BREAST CANCER: Whilst high dose chemo with blood stem cell rescue is ineffective in advanced disease (and mired in scandal following the misconduct of Bezwoda and colleagues in the 1990's), this approach may benefit high-risk patients
High-Dose Chemotherapy With Hematopoietic Stem Cell Transplant in Patients With High-Risk Breast Cancer and 4 or More Involved Axillary Lymph Nodes
Importance Trials of adjuvant high-dose chemotherapy (HDCT) have failed to show a survival benefit in unselected patients with breast cancer, but long-term follow-up is lacking.
Objective: To determine 20-year efficacy and safety outcomes of a large trial of adjuvant HDCT vs conventional-dose chemotherapy (CDCT) for patients with stage III breast cancer.
Design, Setting, and Participants: This secondary analysis used data from a randomized phase 3 multicenter clinical trial of 885 women younger than 56 years with breast cancer and 4 or more involved axillary lymph nodes conducted from August 1, 1993, to July 31, 1999. Additional follow-up data were collected between June 1, 2016, and December 31, 2017, from medical records, general practitioners, the Dutch national statistical office, and nationwide cancer registries. Analysis was performed on an intention-to-treat basis. Statistical analysis was performed from February 1, 2018, to October 14, 2019.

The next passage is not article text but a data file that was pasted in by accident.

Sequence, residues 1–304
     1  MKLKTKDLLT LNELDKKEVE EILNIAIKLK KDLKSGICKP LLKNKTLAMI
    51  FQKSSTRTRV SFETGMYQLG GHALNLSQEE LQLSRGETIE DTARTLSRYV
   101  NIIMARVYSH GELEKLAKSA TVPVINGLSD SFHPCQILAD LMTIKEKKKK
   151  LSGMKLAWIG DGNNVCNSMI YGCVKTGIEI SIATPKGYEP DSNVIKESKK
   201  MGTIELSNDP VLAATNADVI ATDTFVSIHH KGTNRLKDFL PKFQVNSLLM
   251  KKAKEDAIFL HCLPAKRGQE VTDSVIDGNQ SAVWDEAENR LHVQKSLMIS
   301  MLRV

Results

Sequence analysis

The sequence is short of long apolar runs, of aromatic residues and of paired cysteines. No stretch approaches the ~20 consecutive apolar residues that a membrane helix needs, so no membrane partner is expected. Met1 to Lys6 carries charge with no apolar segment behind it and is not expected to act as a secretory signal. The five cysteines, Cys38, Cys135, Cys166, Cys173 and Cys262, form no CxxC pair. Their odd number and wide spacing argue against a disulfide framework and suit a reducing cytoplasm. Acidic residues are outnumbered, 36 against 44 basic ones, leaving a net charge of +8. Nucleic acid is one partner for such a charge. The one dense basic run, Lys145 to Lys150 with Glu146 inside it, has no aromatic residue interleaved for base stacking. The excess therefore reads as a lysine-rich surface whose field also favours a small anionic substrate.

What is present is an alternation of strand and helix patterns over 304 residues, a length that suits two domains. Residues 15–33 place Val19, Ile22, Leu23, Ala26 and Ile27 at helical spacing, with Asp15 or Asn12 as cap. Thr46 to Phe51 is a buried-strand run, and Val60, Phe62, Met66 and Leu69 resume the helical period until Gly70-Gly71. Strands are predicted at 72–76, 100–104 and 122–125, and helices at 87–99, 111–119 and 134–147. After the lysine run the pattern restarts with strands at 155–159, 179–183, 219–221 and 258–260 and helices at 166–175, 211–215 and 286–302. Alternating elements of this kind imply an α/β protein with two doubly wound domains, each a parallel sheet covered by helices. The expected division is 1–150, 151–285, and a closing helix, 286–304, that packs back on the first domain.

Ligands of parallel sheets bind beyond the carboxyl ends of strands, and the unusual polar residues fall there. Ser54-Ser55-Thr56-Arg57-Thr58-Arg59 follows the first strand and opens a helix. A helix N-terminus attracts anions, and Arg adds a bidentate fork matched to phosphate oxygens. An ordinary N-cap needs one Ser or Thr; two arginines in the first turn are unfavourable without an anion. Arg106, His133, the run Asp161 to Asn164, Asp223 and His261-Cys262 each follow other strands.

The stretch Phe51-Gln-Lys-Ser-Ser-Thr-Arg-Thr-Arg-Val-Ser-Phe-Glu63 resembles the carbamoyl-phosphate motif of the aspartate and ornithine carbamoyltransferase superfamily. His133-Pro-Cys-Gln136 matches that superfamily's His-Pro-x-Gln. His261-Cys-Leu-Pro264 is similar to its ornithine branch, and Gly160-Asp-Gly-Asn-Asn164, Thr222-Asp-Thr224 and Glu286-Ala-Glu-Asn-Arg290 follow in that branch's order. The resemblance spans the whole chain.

Interventions: Participants were randomized 1:1 to receive 5 cycles of CDCT consisting of fluorouracil, 500 mg/m2, epirubicin, 90 mg/m2, and cyclophosphamide, 500 mg/m2, or HDCT in which the first 4 cycles were identical to CDCT and the fifth cycle was replaced by cyclophosphamide, 6000 mg/m2, thiotepa, 480 mg/m2, and carboplatin, 1600 mg/m2, followed by hematopoietic stem cell transplant.
Main Outcomes and Measures: Main end points were overall survival and safety and cumulative incidence risk of a second malignant neoplasm or cardiovascular events. Results Of the 885 women in the study (mean [SD] age, 44.5 [6.6] years), 442 were randomized to receive HDCT, and 443 were randomized to receive CDCT. With 20.4 years median follow-up (interquartile range, 19.2-22.0 years), the 20-year overall survival was 45.3% with HDCT and 41.5% with CDCT (hazard ratio, 0.89; 95% CI, 0.75-1.06). The absolute improvement in 20-year overall survival was 14.6% (hazard ratio, 0.72; 95% CI, 0.54-0.95) for patients with 10 or more invoved axillary lymph nodes and 15.4% (hazard ratio, 0.67; 95% CI, 0.42-1.05) for patients with triple-negative breast cancer. The cumulative incidence risk of a second malignant neoplasm at 20 years or major cardiovascular events was similar in both treatment groups (20-year cumulative incidence risk for second malignant neoplasm was 12.1% in the HDCT group vs 16.2% in the CDCT group, P = .10), although patients in the HDCT group more often had hypertension (21.7% vs 14.3%, P = .02), hypercholesterolemia (15.7% vs 10.6%, P = .04), and dysrhythmias (8.6% vs 4.6%, P = .005). Conclusions and Relevance High-dose chemotherapy provided no long-term survival benefit in unselected patients with stage III breast cancer but did provide improved overall survival in very high-risk patients (ie, with ≥10 involved axillary lymph nodes). High-dose chemotherapy did not affect long-term risk of a second malignant neoplasm or major cardiovascular events.
Trial Registration ClinicalTrials.gov Identifier: NCT03087409